Not many people know of the existence of so-called “white olives“. This ancient variety has been recovered in Rossano. The plant, which at the time of the Magna Graecia was widespread throughout Calabria, especially near the Basilian monasteries, was called “leucolea“, which means white olive, due to the characteristic of its external peel which remains white even when they reach the full maturation.
The Leucolea is an ancient olive cultivar that survives as a wild variety especially in Calabria and has the particularity of presenting white fruits.
Before maturation the olives appear to be of a beautiful green color, like those of other varieties, but subsequently the exocarp does not become pigmented, it remains white.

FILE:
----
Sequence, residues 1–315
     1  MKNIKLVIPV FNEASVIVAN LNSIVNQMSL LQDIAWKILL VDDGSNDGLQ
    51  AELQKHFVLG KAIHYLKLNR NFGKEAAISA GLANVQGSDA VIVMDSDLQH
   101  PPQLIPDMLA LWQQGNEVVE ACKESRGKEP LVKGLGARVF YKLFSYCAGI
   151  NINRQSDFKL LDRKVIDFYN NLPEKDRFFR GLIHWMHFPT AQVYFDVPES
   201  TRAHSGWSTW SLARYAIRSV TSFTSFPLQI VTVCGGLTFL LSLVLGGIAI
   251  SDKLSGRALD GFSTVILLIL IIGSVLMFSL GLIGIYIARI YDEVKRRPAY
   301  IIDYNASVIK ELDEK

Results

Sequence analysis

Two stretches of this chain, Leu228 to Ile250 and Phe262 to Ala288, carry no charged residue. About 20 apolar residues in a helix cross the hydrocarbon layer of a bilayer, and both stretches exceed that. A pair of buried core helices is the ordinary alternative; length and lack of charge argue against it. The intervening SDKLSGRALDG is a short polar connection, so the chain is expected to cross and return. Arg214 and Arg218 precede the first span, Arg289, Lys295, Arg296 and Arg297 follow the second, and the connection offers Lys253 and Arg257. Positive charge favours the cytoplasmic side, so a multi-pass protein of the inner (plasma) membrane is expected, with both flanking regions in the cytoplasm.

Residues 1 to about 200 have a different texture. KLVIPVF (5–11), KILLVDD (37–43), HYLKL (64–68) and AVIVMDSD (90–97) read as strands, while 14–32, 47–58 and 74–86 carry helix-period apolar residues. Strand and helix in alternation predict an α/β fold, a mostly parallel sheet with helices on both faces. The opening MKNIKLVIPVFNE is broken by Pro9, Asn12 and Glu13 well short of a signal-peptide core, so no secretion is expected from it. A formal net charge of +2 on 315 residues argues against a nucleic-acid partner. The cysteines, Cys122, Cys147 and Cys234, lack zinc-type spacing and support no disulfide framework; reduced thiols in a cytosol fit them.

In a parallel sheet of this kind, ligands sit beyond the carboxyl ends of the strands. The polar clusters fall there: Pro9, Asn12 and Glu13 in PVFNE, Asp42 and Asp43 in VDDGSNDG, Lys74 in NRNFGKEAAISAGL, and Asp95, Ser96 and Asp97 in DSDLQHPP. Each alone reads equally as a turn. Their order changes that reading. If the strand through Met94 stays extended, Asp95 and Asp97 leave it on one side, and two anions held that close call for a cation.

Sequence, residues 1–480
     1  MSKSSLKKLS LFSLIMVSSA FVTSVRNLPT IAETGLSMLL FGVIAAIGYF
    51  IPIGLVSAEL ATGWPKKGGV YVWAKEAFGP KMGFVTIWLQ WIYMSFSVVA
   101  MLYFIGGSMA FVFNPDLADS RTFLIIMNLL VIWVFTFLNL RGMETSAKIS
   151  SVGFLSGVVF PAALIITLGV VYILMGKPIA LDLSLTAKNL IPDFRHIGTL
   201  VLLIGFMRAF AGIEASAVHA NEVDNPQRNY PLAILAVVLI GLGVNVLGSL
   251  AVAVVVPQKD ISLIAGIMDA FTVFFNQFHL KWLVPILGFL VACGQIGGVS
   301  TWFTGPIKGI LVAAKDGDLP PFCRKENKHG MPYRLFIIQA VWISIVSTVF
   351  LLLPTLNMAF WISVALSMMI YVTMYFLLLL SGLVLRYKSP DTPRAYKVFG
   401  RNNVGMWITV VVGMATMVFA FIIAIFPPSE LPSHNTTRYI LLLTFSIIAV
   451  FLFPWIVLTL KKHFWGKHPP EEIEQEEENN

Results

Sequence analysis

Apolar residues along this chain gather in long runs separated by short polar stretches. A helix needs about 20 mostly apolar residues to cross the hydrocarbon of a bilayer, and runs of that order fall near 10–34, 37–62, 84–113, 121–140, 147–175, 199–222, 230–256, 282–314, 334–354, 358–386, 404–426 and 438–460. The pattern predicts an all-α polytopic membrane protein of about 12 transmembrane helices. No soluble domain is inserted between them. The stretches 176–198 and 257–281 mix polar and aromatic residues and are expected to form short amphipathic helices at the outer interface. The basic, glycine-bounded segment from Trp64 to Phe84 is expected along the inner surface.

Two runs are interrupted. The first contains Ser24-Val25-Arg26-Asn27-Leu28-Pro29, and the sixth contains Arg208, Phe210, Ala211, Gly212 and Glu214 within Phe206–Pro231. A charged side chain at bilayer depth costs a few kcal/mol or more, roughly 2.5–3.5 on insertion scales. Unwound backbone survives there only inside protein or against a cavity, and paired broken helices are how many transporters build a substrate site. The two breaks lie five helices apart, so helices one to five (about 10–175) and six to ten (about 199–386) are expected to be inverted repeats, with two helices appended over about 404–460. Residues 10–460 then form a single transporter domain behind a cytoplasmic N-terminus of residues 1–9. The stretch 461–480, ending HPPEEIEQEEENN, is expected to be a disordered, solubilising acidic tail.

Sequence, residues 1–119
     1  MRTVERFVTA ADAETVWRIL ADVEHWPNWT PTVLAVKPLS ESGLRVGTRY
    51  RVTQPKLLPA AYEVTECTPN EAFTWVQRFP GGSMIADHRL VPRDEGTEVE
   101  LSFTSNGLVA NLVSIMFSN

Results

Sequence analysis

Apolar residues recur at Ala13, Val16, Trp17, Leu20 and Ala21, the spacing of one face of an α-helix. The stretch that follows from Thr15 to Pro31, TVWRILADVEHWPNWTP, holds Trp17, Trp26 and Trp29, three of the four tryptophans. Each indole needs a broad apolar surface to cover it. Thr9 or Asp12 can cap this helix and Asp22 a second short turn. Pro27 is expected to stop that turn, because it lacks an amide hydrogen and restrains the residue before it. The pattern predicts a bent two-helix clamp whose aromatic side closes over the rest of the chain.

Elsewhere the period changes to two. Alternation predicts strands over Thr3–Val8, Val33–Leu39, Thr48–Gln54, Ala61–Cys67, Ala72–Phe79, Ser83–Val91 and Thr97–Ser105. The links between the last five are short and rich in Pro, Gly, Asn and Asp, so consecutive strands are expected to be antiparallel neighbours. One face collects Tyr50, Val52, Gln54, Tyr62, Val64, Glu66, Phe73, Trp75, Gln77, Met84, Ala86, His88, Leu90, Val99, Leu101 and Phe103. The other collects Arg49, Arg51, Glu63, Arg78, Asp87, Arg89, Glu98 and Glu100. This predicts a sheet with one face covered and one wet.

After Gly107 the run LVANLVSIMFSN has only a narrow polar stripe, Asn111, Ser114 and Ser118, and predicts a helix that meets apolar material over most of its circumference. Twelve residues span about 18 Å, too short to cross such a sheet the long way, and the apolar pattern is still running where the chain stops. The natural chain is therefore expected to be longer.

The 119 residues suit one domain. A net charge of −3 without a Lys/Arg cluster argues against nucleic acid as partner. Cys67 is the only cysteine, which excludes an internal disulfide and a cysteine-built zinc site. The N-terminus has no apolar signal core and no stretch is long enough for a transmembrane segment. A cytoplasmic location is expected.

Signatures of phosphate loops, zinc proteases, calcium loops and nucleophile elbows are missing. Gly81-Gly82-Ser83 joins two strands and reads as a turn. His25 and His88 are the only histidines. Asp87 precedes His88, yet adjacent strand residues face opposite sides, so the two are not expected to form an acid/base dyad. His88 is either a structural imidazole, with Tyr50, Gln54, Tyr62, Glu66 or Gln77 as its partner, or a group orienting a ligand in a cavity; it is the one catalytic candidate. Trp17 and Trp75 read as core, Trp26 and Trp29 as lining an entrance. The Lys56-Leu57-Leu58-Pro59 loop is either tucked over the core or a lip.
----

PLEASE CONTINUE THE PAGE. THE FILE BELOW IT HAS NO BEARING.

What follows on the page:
Usually, in fact, at the time of veraison (botanic term for maturation) within the fruits there is a degradation of chlorophyll and an increase in the production of anthocyanins which give the olives the characteristic black-blue color. In the case of this white olive, called Leucocarpa, instead, the synthesis of pigments is blocked and in the face of a decrease in chlorophyll there is no correspondent increase in anthocyanins.
HISTORY, TRADITION, RELIGIOUS MEANING
As many historical sources report, the Basilian monks since 800 A.D. the time gave a strong impulse to some crops in Calabria and probably took care of these olive trees to use them in liturgical rites.
The oil of the leucolea, in fact, was also called “crisma’s oil” and was used in religious functions to anoint the priests and the high Byzantine imperial officials, in the ceremonies for the crowning of the emperors, and above all as a sacred oil in holy sacraments such as baptism, confirmation and anointing of the sick.